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The Wall Street Journal: It’s not just Elon Musk: Corporate insiders sell stocks at historic levels as market soars

Company founders and leaders are unloading their stock at historic levels, with some selling shares in their businesses for the first time in years, amid soaring market valuations and ahead of possible changes in U.S. and some state tax laws.

So far this year, 48 top executives have collected more than $200 million each from stock sales, nearly four times the average number of insiders from 2016 through 2020, according to a Wall Street Journal analysis of data from the research firm InsiderScore.

The wave has included super sellers such as cosmetics billionaire Ronald Lauder and Google
GOOGL,
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co-founders Larry Page and Sergey Brin, who have sold shares for the first time in four years or more as the economic recovery fueled strong growth in sales and profit. Other high-profile insiders—including the Walton family, heirs to the Walmart Inc.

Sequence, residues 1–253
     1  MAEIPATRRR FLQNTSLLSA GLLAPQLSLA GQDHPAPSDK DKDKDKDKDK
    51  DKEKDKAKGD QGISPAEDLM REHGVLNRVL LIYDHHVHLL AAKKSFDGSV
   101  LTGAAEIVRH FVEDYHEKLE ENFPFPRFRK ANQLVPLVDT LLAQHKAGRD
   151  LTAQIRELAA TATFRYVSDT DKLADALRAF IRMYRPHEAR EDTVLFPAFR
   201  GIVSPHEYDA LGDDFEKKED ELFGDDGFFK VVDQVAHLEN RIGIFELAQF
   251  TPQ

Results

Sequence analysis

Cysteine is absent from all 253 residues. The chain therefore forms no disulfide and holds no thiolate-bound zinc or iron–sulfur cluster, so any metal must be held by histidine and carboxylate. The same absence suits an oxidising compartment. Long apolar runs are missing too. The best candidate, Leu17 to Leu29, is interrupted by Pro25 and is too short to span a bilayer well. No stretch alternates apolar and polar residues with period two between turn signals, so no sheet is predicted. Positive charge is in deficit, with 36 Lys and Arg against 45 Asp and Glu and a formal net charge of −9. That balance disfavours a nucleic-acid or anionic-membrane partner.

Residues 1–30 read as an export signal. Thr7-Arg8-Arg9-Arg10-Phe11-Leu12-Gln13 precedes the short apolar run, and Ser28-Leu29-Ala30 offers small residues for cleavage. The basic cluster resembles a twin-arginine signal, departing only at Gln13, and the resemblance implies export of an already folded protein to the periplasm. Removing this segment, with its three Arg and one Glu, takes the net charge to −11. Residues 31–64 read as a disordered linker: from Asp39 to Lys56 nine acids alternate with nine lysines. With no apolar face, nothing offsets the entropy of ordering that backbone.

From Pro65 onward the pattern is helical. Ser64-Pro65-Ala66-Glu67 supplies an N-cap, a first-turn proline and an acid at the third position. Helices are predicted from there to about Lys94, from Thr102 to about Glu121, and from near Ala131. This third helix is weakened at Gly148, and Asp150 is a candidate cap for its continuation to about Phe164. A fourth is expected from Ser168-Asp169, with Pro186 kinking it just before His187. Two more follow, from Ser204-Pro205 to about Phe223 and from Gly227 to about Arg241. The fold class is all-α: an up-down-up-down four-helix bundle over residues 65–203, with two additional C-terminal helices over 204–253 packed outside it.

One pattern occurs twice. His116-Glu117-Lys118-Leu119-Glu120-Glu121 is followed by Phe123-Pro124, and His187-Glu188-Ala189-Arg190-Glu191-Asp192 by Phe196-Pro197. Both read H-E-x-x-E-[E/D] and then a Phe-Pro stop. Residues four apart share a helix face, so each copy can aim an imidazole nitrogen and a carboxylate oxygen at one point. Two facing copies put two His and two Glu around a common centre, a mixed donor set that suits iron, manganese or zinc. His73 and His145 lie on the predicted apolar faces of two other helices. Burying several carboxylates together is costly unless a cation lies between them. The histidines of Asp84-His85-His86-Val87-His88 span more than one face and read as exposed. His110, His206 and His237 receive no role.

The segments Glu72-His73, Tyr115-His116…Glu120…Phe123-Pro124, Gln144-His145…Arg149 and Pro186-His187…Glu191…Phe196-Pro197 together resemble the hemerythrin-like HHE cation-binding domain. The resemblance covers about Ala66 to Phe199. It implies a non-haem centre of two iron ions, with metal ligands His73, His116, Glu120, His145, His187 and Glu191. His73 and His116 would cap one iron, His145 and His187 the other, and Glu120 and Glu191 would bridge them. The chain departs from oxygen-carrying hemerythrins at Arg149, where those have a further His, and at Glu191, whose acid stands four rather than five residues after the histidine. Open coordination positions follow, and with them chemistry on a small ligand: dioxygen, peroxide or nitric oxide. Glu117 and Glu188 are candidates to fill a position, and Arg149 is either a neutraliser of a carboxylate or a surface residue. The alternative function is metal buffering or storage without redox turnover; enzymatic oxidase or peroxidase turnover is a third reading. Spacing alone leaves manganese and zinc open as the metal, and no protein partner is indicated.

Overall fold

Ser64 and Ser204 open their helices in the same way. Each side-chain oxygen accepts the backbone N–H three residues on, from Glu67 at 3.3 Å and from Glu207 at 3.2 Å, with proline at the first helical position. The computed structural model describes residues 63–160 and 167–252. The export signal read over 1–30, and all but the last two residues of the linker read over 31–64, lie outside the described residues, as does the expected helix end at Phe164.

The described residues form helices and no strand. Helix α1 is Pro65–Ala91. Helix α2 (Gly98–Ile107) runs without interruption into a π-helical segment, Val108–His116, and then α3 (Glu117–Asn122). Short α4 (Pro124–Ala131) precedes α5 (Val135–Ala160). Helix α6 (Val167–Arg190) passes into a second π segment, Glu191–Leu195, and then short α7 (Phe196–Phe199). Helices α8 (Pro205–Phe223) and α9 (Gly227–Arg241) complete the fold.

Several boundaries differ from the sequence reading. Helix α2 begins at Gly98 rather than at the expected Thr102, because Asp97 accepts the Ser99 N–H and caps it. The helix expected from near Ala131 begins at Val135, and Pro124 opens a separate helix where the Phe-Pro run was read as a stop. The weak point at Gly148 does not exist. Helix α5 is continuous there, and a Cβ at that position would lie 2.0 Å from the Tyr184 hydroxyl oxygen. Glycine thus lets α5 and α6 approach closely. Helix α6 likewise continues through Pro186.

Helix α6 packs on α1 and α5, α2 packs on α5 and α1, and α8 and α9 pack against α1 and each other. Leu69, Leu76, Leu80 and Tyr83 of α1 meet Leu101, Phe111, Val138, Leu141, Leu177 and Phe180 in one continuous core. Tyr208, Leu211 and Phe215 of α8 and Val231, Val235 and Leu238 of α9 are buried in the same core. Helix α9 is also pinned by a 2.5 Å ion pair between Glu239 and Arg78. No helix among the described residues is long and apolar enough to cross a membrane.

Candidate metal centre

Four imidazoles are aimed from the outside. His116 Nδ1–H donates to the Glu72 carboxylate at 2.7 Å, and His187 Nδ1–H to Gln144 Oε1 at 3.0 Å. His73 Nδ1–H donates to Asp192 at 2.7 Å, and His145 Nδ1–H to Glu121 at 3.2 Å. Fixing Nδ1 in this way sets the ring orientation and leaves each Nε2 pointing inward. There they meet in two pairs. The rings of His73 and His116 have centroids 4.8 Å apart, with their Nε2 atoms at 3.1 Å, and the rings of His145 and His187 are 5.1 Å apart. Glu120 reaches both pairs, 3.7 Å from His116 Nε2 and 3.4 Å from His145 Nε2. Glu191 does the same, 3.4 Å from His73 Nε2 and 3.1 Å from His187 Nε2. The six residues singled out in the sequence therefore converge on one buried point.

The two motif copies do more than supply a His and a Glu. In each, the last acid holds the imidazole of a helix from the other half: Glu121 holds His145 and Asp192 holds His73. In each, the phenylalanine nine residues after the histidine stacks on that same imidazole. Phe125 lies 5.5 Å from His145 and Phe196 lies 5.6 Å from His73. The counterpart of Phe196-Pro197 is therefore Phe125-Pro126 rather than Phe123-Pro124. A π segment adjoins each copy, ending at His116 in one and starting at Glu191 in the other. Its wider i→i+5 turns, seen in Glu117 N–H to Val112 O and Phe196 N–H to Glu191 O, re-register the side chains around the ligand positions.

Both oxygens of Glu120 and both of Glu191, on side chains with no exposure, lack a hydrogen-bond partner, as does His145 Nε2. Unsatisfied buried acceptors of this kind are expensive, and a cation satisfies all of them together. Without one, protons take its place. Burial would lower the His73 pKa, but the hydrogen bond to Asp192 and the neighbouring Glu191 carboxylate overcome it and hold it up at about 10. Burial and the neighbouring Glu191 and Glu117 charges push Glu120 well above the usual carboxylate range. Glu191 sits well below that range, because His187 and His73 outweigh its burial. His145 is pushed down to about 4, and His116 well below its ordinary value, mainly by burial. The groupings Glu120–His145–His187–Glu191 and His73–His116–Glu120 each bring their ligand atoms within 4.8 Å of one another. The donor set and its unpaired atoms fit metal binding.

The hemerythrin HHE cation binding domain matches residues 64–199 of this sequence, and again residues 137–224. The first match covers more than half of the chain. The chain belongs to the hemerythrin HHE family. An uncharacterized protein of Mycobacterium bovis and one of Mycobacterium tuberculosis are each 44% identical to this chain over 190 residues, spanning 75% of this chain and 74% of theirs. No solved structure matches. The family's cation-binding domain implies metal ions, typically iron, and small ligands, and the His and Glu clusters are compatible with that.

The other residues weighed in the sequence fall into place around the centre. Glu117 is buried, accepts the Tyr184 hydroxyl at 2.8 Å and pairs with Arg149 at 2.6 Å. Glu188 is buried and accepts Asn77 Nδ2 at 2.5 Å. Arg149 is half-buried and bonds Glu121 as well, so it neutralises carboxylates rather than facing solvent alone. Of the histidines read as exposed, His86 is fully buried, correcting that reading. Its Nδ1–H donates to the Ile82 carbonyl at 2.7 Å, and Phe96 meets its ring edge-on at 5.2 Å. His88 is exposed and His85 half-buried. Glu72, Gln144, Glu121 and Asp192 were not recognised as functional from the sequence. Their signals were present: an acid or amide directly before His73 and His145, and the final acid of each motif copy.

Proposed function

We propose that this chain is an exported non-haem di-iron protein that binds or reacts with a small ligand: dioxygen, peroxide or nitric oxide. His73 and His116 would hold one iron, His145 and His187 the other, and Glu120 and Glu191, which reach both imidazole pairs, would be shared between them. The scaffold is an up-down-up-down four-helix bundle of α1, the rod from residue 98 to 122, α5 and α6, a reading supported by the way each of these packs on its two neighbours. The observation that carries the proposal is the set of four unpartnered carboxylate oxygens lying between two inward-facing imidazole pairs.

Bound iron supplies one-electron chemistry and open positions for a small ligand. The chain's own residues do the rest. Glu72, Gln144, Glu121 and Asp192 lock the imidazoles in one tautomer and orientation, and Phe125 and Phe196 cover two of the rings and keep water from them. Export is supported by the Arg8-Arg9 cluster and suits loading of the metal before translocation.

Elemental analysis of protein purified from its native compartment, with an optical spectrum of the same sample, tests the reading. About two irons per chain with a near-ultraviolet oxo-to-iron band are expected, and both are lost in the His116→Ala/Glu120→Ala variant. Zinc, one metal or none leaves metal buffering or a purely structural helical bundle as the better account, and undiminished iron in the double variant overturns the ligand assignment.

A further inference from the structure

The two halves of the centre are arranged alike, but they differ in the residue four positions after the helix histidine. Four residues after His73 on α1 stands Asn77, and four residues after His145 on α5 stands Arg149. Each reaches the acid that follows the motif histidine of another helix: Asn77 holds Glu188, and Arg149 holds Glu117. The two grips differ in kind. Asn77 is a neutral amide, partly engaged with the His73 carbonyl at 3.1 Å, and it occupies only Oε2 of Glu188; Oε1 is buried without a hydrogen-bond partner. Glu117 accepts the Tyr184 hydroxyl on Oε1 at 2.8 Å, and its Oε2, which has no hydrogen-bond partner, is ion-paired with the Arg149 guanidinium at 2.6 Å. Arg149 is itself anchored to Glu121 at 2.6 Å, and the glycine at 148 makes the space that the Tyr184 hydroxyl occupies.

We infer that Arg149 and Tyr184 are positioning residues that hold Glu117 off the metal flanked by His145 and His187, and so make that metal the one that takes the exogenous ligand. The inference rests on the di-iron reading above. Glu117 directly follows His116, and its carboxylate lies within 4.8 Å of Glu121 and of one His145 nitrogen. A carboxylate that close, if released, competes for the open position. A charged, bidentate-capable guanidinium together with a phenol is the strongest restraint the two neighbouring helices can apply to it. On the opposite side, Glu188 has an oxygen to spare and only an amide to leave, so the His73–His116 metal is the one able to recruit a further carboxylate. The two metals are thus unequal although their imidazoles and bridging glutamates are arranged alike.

WMT,
+1.39%

 fortune, and Mark Zuckerberg, chief executive of Facebook parent Meta Platforms Inc.
FB,
-0.22%

 —have accelerated sales and are on track to break recent records for the number of shares they have sold.

Read: Elon Musk exercises more options, sells another $1 billion of Tesla stock

Across the S&P 500, insiders have sold a record $63.5 billion in shares through November, a 50% increase from all of 2020, driven both by stock-market gains and an increase in sales by some big holders. The technology sector has led with $41 billion in sales across the entire market, up by more than a third, with a smaller amount but an even bigger increase in financial services.

Also: CEO Satya Nadella sells about half of his Microsoft shares

“What you’re seeing is unprecedented” in recent years, said Daniel Taylor, an accounting professor at the University of Pennsylvania’s Wharton School who studies trading by executives and directors. He said 2021 marks the most sales he can recall by insiders in a decade, resembling waves of sales during the twilight of the early 2000s dot-com boom.

An expanded version of this report appears on WSJ.com.

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